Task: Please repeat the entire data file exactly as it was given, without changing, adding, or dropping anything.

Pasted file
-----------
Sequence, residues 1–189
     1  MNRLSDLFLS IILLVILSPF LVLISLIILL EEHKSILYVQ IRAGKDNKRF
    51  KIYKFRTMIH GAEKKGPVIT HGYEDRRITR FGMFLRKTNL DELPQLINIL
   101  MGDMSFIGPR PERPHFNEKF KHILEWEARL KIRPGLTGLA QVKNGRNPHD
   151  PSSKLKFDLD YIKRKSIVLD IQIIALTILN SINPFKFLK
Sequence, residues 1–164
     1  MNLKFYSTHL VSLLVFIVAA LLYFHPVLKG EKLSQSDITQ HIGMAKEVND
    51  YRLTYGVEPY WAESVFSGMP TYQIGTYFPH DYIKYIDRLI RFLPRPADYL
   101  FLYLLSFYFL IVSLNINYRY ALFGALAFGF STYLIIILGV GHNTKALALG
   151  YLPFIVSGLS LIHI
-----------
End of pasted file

Sequence, residues 1–189
     1  MNRLSDLFLS IILLVILSPF LVLISLIILL EEHKSILYVQ IRAGKDNKRF
    51  KIYKFRTMIH GAEKKGPVIT HGYEDRRITR FGMFLRKTNL DELPQLINIL
   101  MGDMSFIGPR PERPHFNEKF KHILEWEARL KIRPGLTGLA QVKNGRNPHD
   151  PSSKLKFDLD YIKRKSIVLD IQIIALTILN SINPFKFLK
Sequence, residues 1–164
     1  MNLKFYSTHL VSLLVFIVAA LLYFHPVLKG EKLSQSDITQ HIGMAKEVND
    51  YRLTYGVEPY WAESVFSGMP TYQIGTYFPH DYIKYIDRLI RFLPRPADYL
   101  FLYLLSFYFL IVSLNINYRY ALFGALAFGF STYLIIILGV GHNTKALALG
   151  YLPFIVSGLS LIHI